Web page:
Continuing on with the discussion of my Concussion Clinic videos, today’s topic is the Need for Periodic Follow-ups. Today’s video is here: http://www.youtube.com/profile?user=braininjuryattorney#p/u/11/dEWHgwRywtY
When the sport and concussion guidelines are applied properly there is a 15 minute post-injury evaluation to determine whether this concussion or “ding” was serious enough to require further follow-ups. An injured player is not supposed to return for at least 15 minutes. At 15 minutes, if they continue to be symptomatic, they are not to return to play in that game and not until the expiration of 7 days from the date they cease to be symptomatic.
While the 15 minute rule is not quite good enough, it is important that an athlete is at least required to wait that long before he or she returns. As brain injury is a process not an event that can take 72 hours to manifest itself, the 15 minute rule isn’t perfect. Yet I realize that 15 minutes is a compromise, that generally protects the player. While there are exceptions, the concussion that is completely asymptomatic at 15 minutes is probably not going to be serious. But keep in mind, that Natasha Richardson could likely have passed a superficial orientation test at 15 minutes and she died before they could get her to a hospital. Also with non-professional sports, there is a strong movement to not allow any return to play.
The truly important part of guidelines is the “no play for seven days” if the concussion continues to be symptomatic at 15 minutes. Thus if there is symptomotology of brain injury at 15 minutes, the professional team’s medical staff will do follow-up testing each day to determine whether the athlete continues to be symptomatic. (What happens in amateur sports may be entirely different but is a topic for a different blog.)
If we could take that model of periodic follow-ups and apply that to the brain injuries that happen in accidents, we would then likely identify almost all concussions that are likely to be disabling. Add two more levels of inquiry to that process and we could have an excellent concussion diagnosis system.
Distinguish between Confusion and Amnesia. I have discussed this issue in depth earlier in this series, but absence of confusion does not mean absence of amnesia. Amnesia is the real litmus test for concussion. Remember that amnesia is not a black curtain of memory, but the inability to remember the amount of information we would normally remember. What does “normal memory” mean? Take this an example.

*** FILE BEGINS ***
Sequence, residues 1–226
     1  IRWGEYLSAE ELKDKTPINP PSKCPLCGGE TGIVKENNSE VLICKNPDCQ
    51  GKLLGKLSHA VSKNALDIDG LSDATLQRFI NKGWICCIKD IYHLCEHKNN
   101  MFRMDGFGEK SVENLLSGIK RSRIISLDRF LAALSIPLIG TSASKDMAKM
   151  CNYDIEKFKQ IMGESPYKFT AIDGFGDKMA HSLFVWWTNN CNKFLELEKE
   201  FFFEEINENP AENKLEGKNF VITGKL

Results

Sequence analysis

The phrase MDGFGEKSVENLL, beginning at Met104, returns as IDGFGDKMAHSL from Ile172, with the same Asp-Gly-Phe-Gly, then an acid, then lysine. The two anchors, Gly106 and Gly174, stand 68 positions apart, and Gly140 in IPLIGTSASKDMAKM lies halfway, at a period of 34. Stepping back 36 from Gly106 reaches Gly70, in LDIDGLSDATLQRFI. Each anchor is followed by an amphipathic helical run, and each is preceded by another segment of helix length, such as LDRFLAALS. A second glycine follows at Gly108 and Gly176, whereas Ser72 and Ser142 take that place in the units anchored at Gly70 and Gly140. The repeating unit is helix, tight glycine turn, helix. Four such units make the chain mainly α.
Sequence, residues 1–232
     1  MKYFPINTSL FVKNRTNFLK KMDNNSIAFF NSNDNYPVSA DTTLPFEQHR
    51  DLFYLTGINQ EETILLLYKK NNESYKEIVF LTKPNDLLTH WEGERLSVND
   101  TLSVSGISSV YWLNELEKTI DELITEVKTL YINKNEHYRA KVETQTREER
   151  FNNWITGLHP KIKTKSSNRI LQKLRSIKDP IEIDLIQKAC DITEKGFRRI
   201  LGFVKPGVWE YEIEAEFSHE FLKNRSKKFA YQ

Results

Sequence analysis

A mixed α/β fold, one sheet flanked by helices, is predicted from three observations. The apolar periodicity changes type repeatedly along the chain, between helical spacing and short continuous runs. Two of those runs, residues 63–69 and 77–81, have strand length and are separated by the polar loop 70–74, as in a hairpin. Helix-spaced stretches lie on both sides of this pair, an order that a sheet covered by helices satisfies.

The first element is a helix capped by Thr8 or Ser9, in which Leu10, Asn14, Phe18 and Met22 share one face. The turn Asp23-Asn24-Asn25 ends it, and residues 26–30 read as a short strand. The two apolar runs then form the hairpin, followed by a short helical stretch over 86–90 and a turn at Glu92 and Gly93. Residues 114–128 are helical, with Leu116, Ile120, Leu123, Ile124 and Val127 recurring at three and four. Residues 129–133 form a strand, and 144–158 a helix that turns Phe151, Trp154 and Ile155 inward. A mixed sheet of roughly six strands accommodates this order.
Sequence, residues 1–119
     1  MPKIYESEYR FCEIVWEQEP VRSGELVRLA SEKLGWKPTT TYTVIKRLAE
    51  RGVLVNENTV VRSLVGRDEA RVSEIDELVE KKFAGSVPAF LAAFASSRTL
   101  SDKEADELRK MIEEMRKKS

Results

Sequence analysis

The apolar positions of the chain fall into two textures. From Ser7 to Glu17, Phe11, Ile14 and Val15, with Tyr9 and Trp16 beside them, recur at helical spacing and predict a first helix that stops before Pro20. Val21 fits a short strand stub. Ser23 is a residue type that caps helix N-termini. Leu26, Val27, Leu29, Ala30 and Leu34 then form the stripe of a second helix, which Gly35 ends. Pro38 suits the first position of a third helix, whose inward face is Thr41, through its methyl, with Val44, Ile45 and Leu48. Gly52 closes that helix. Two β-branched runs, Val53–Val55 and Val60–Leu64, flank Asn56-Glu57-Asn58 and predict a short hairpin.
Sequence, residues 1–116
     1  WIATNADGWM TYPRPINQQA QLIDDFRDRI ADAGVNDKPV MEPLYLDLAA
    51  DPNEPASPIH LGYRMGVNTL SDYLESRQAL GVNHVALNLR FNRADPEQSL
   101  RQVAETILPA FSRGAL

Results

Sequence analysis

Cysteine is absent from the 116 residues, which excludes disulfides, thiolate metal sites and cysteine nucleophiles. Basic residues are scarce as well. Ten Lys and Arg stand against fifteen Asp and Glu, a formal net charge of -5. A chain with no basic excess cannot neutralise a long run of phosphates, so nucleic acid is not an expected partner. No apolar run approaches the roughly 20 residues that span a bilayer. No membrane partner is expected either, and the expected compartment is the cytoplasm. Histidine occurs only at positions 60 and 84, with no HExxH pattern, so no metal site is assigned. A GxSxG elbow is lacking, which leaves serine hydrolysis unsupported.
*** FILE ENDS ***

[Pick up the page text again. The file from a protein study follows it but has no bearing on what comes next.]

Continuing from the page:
At a real world hospital, if you aren’t bleeding when you get to the Emergency Room, you start your time there with a 20 minute conversation with the billing department. Then you sit in the ER waiting room for a while, normally too long. A normal person’s memory might not include the name of the person who was taking their insurance information. But a normal person would remember the process. They would remember filling out a form, even if they didn’t remember what the form said. A normal person would remember fishing the insurance card out of their wallet. Likewise, a normal person would very clearly remember how long they waited in the ER. A normal person would remember the most seriously hurt person who was waiting with them. People tend to remember blood, etc. If the doctor or other ER person would ask these kind of questions, evidence of amnesia would likely be clear.
Next Day Follow-up. Even more important than asking better questions on the day of the accident, is to have a medical professional ask them something about their memory the next day. Amnesia at 24 hours is far easier to spot. How much they remember of the pervious 24 hours events will show how severe this particular concussion is. With all of the momentum for better diagnosis for NFL and amateur football players, we must also clearly recognize that the care they are getting is infinitely better than the million plus other people a year who suffer a concussion, most who are at much higher risk of a bad outcome. See http://www.tbilaw.com/blog/2010/01/nfl-football-concussions-versus-real.html